The Law Commission’s final say on Electronic Trade Documents

News / / London

The Law Commission Consultation
The Law Commission is an independent advisory body to the UK government. Its eagerly awaited final report on the legal recognition of electronic trade documents such as electronic bills of lading is expected to be published in the spring of 2022.

The paper problem


In the current Environmental, Social & Governance (ESG) climate, the paper problem is clear. A single international trade transaction can require up to 20 or more documents, with each document running to several pages. Global container shipping generates approximately 28.5 billion paper documents each year.

Legal recognition – possession

Despite the sophisticated digital processes upon which international trade transactions are based, the current law of England & Wales does not recognise anything other than the physical possession of certain trade documents e.g. bills of lading.

The Law Commission’s stance

In an increasingly digitalised world, the Law Commission’s view is that the English legal position on paper documents is archaic and in need of reform.

The advantages of Electronic Trade Documents

Security and compliance

Electronic documents are inherently more traceable and transparent. For example, the metadata of such documents will often show from where the document originated and who has interacted with it. Documents in electronic format are also likely to reduce the instances of non-compliance due to human error.

The environment

Aside from reduced paper consumption, the use of electronic documents would circumvent the need for the transportation of physical trade documents and the carbon footprint associated with that exercise (e.g. air freight or international and domestic courier services).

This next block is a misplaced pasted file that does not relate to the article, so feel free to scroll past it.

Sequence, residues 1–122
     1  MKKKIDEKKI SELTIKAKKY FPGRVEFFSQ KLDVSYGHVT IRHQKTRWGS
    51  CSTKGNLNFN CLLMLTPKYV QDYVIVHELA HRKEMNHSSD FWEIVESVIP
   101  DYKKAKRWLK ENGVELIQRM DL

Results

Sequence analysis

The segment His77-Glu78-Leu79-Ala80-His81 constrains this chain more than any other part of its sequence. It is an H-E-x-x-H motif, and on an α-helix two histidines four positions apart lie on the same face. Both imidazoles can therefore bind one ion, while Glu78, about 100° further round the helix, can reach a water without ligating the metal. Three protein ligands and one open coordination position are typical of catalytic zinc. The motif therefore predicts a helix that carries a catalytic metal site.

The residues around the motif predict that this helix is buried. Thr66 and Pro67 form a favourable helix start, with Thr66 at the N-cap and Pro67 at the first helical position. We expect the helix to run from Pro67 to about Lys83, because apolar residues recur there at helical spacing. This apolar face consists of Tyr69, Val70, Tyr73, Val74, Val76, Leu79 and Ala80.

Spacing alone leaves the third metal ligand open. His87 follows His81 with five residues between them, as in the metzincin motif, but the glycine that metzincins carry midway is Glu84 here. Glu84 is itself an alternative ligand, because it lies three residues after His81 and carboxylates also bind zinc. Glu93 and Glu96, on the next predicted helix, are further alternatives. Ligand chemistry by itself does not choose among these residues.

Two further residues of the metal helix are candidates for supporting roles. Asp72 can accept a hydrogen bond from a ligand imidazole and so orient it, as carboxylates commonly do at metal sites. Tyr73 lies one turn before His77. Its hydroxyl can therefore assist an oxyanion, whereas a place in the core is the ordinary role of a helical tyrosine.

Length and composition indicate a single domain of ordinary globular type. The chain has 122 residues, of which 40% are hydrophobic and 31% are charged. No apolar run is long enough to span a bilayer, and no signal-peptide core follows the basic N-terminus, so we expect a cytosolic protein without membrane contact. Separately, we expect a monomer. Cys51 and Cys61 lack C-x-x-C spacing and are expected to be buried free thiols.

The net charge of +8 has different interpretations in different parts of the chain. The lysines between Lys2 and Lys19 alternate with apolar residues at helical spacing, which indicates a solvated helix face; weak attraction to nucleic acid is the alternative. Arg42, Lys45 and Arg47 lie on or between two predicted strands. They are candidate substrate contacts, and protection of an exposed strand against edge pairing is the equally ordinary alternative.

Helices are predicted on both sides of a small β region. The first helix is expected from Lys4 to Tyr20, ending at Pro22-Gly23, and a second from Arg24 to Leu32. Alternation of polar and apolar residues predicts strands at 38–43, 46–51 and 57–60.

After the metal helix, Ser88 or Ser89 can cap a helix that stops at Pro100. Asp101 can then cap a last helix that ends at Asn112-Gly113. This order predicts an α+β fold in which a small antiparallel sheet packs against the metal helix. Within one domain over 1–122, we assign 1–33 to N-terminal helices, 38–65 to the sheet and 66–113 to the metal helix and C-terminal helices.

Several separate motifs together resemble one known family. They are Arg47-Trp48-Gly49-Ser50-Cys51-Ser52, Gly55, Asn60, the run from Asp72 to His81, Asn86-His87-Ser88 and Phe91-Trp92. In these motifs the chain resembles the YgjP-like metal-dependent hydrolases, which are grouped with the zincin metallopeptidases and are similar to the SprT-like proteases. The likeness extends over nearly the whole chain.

Ancillary administrative processes may be bypassed which may, in turn, allow for the more effective allocation of a company’s resources.

Resilience to future pandemics

After approximately two years, the Covid-19 pandemic’s grip on our freedoms appears to be easing somewhat. The pandemic did, however, cause havoc within the global logistics sector with the closure of sea ports and other onerous quarantine measures we have seen applied at other global logistics hubs. Paperless electronic trade could make the transportation sector more resilient to the type of delays caused by epidemics and pandemics by reducing the need for human to human contact.

The disadvantages of Electronic Trade Documents


It is perhaps somewhat misleading to suggest that document integrity is a disadvantage associated with the use of electronic documents. This is because electronic documents present a far more secure way to effect trade when compared to the use of paper documents.

It is perhaps more accurate to suggest that whilst electronic trade documents would offer greater security, especially if blockchain technology is used to underpin them, the system still would not be 100% totally secure.

The current insurance position and collective adoption

Although the International Group of P&I Clubs has for many years provided cover for the use of e-bills, adoption by the industry has been far slower than initially envisaged. Six e-bill platforms have been endorsed by the International Group, such that any liability arising through their use would be treated in exactly the same way as if a paper bill had been used. It is imperative, therefore, that only one of the six approved e-bill platforms is used.

The e-bill ecosystem requires the collective adoption of e-bills by the entire shipping chain. This is perhaps why the wholesale adoption of e-bills has been slow. It only takes one player in the transport chain to insist on doing things “the old fashioned way” to cause the entire chain to revert back to the use of paper documents.

The future

The world is becoming increasingly digitalised. Against that backdrop, it is inevitable that the use of electronic trade documents will eventually become “the norm”. The question is how quickly. The Law Commission’s eagerly awaited paper on the reform of English law to enable the use of e-bills is another inexorable step in that direction.

Eric Eyo

Eric Eyo Partner

Charlie Boyles

Charlie Boyles Associate

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